The barbell back squat is the cornerstone movement of the Power Athlete Methodology. All of our programs get a heavy dose of squatting each week. While we are firm facilitators of this toes forward tool, some of our higher skill level programs like Field Strong and Jacked Street take the back squat a step further (pun intended) to continue to challenge athletes. Adjusting the set up and foot position of a squat goes a long way for identifying limitations, targeting weaknesses, and driving adaptation.
One of our favorite adjustments for the squat is moving legs into a split squat stance and raising up onto an active foot. Originally thought to be an accessory movement for our beloved back squat, a fateful run in with now dear friend of Power Athlete, Cal Dietz, changed our perspective on the value of this squatting tool.
Talking with Cal brought an inspiration and appreciation for this movement. The split squat was not about how much weight you were able to load and move, it was how you moved. The load is used to overload and force an athlete to move well, challenging position and drive specific adaptations. Whether it is a safety bar, belt squat, or barbell, this position gets the athlete up onto the ball of their foot, allowing them to drive the big toe down, which in turn helps sequence the proper firing pattern for the posterior chain of glutes → hamstrings → opposite QL. Dietz takes a deep dive into the specific topic in his 2019 Power Athlete Symposium presentation linked below.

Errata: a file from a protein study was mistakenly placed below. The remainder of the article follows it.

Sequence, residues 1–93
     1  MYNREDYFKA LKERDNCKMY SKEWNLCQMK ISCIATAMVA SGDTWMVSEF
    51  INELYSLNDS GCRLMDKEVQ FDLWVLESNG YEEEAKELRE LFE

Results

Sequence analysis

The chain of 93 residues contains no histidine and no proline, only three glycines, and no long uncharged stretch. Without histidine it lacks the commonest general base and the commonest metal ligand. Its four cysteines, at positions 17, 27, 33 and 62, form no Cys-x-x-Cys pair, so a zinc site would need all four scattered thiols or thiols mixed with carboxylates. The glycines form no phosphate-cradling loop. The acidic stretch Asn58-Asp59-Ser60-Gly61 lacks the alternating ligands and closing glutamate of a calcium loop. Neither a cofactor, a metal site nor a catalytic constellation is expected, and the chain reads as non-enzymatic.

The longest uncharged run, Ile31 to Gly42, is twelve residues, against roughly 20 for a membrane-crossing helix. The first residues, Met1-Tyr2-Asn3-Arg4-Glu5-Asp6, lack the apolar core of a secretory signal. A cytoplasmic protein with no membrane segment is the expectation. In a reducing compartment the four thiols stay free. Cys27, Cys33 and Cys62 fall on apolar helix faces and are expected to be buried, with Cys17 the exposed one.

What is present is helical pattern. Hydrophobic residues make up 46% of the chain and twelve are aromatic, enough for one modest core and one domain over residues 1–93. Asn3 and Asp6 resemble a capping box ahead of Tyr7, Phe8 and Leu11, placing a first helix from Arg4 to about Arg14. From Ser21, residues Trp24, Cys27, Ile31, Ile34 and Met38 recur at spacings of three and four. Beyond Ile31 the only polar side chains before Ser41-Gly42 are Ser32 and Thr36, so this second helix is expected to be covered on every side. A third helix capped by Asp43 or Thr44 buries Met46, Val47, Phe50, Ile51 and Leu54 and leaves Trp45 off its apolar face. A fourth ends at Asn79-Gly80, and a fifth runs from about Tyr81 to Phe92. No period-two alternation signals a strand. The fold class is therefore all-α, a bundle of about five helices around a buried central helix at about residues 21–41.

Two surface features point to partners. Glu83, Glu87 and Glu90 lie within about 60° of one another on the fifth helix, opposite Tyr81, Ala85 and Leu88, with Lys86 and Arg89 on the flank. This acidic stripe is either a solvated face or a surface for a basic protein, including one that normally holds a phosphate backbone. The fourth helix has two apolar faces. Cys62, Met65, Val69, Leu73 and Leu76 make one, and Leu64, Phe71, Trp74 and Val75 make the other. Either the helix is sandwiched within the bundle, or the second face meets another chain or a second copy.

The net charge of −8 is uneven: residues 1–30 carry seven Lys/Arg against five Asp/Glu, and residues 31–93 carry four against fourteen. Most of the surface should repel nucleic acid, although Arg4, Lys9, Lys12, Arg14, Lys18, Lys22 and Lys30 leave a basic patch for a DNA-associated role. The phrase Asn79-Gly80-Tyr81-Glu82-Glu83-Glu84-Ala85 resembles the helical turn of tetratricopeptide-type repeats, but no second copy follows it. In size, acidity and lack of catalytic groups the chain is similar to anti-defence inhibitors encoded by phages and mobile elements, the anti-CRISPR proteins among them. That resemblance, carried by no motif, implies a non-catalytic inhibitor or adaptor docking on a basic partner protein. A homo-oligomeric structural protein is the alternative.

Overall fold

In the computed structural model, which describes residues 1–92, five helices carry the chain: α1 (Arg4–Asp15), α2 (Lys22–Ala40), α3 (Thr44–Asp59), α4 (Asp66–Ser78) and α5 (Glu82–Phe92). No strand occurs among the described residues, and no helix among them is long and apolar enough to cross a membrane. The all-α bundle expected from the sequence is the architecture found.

Empower Your Performance: Coach Needs A Coach
The split squat is a fantastic tool for evaluating and correcting an athlete’s limiting factors in the toes, foot, and lower leg patterning. Limitations found in the foot or firing sequence carry directly over to sprinting, movement through space, and sport skill. If left unaddressed, these limitations could negatively affect performance, or worse, potentially lead to an injury such as an ACL tear. While I can blog about athlete limiting factors all the live long day, it is coach limiting factors that really gets me riled up.
Before I met Cal Dietz in-person (randomly in the Atlanta airport train car and asked him on for PA Radio Episode 232), I had read Triphasic and thought I “got it” when it came to his methodology and coaching movement. This was a rookie move where I expressed the coaching limiting factor of ego. In this podcast and multiple conversations to fellow, I put my ego aside, asked curious questions and listened with intent to further my bandwidth as a coach. Coach needs a coach. Whether you’re attending a conference, chatting with a parent, or run into a random coach in the airport, assume the person you’re listening to might know something you don’t that one day you can use to empower performance.
EDU: ACL Injury Prevention by Power Athlete Academy
PODCAST: PA Radio Ep 274 – Cal Dietz Strong Feet, Strong Butt
PODCAST: PA Radio Ep 232 – Cal Dietz Triphasic Training For Sport
BLOG: Triphasic Training on Field Strong by Tex McQuilkin
BLOG: Power Athlete Squat w/ a Staggered Stance by Tex McQuilkin
BLOG: How Isometrics Can Change Your Life by Tex McQuilkin
TRAINING: Field Strong 14-Day Risk Free Trial
MS, CSCS, SCCC, CHES
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Former collegiate lacrosse defensive midfielder, 4-year letter winner and 3-year team captain. Coached strength and conditioning collegiately with Georgetown University football, Men's and Women's lacrosse and Women's Crew, as well with the University of Texas at Austin's football program. Apprenticed under Raphael Ruiz of 1-FortyFour-1 studying proper implementation of science based, performance driven training systems. Head coached CrossFit Dupont's program for two years in Washington D.C. Received a Master's in Health Promotion Management from Marymount University in 2010, and has been a coach for Power Athlete since October, 2012.
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